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The PSC, its quorum and the SSC
Among the questions now bothering the public are (1) Was the Police Service Commission (PSC) constitutionally appointed with its full membership when it made its recommendations for Commissioner and Deputy Commissioner? Can there be a quorum from an incomplete Commission? (2) Does the parliament have the power, through the Special Select Committee (SSC), to summon the PSC? (3) How much will it cost to restart the process of appointing a permanent Commissioner and Deputy Commissioner of Police?
Public discussion on these issues is quite important for reshaping and improving our state institutions. I submit the following views subject, of course, to examination by wiser heads.
The public is already alarmed that the recent controversial process cost close to $4m for the private firm recruitment process. It is much more if all other things are considered, for example, the salaries of the staff of PSC, parliament, etc. More so, the structure and procedures of the PSC have long been subject to notable objections, for example, from Reginald Dumas, Kenneth Lalla SC, and the PSC chairman previous to Dr Maria Gomes.
The constitution defines the Police Service Commission as a body of five members of stipulated qualifications and selected by the president after consultation with the Prime Minister and Leader of the Opposition, after which the nominations are sent to the House of Representatives for approval. (Section 122 amended).
This implies that any reference thereafter to the “Police Service Commission” means a body of five members constitutionally-appointed from which a quorum, as stated in a dependant provision (Section 129 (2), may be drawn.
The quorum therefore is a derivative of a Commission with five members constitutionally appointed—not one with only four or three members.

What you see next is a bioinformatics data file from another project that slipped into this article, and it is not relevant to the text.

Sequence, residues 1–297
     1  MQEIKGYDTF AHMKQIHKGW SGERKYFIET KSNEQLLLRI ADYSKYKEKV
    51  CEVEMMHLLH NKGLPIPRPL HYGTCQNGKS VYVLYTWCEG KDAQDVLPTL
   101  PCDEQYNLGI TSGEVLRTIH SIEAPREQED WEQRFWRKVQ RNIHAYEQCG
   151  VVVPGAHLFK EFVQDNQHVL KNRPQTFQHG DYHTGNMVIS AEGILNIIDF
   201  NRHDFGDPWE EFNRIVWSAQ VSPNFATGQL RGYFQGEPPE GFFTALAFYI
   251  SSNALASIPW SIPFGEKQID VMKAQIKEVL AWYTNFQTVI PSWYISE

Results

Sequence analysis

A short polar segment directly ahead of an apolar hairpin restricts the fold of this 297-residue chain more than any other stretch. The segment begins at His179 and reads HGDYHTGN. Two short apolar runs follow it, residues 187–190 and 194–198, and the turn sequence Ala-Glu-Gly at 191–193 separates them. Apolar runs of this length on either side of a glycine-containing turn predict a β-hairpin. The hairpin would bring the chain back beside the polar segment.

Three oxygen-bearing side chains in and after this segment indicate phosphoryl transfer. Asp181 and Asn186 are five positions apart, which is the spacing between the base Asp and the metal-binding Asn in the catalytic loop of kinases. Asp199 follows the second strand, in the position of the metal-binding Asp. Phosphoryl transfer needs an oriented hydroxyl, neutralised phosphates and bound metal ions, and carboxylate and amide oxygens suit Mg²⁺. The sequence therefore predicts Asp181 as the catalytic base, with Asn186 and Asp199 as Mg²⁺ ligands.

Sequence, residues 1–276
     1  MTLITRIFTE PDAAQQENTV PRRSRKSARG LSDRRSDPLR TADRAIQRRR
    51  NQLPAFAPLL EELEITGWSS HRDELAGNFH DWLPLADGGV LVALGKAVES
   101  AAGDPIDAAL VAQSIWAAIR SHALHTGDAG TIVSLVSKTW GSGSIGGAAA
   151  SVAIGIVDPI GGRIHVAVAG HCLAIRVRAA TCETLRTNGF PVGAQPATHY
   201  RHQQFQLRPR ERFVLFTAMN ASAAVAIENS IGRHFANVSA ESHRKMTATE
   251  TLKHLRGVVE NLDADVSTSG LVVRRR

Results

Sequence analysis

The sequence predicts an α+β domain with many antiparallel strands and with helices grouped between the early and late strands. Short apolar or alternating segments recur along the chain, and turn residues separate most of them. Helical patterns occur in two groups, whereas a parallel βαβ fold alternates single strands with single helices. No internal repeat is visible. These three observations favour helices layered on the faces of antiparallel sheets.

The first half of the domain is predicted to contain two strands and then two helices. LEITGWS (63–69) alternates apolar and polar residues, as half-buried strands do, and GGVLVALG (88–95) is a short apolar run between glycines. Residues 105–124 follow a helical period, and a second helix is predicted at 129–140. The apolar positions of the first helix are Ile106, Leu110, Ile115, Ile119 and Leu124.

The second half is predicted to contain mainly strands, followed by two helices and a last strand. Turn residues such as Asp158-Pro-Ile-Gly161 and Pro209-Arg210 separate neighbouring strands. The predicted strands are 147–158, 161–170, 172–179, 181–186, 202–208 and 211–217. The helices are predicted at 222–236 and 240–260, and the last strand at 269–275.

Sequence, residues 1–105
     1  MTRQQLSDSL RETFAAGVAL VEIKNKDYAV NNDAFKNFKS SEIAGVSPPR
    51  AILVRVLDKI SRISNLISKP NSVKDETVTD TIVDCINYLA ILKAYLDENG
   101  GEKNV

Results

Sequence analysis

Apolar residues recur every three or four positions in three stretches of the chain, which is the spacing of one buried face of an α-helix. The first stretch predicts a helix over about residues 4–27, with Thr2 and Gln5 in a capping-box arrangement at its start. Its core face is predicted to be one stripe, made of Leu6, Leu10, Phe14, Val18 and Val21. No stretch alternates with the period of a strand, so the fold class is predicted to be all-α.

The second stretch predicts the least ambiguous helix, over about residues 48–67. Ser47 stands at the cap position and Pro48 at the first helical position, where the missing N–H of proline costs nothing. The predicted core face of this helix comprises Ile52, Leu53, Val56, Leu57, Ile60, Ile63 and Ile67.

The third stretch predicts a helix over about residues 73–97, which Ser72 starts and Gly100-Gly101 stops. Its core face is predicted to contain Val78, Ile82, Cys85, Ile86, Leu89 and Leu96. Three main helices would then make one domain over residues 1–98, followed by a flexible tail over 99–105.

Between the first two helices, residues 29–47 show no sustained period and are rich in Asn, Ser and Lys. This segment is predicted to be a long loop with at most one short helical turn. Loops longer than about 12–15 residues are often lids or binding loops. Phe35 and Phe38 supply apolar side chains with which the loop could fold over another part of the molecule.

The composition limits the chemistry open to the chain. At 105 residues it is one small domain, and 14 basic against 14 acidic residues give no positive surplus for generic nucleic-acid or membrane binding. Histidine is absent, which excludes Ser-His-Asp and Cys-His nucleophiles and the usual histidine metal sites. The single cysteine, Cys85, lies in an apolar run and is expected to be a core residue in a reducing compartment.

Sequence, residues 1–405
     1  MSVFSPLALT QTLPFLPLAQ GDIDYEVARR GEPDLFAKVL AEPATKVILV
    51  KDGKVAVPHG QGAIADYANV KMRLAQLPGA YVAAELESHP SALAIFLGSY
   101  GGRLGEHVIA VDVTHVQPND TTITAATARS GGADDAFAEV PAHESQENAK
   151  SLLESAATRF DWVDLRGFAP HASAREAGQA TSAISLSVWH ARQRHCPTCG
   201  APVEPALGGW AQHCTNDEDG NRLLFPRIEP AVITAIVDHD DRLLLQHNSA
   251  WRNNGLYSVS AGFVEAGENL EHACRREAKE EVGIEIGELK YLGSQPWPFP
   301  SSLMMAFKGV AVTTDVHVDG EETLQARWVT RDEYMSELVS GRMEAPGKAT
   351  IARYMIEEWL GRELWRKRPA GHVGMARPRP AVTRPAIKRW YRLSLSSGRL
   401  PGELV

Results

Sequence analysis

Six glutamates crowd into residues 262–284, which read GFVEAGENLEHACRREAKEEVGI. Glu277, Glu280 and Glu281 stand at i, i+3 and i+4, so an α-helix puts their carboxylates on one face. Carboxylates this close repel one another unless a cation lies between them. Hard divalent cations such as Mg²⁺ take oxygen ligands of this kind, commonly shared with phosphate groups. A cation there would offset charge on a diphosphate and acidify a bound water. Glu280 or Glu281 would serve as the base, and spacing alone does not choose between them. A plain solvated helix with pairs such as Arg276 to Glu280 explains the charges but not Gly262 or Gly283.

Over a year, the Police Service Commission had only four members. This is a different from the PSC having five members constitutionally appointed, with one or even two members absent for one reason or another.
Does parliament have the power to summon the PSC? In the present circumstances, my view is yes. The PSC is constitutionally required to submit an annual report to parliament. This report may be publicly debated in parliament if a motion is filed to do so. In other words, the work and performance of the PSC can be publicly examined.
The adjunct to this power of parliament is therefore the power to seek the presence of the PSC for further explanation, etc. This can be discreetly done through the SSC.
This current complex, convoluted structure of the PSC was largely triggered over objections to the veto held by the Prime Minister regarding PSC appointment for Commissioner and Deputy Commissioner.
Note, however, whether you agree or not, the Prime Minister has a veto over the Judicial and Legal Service Commission’s appointment for Solicitor General, Chief Parliamentary Counsel, Director of Public Prosecutions, Registrar General and Chief State Solicitor. (Section 111).
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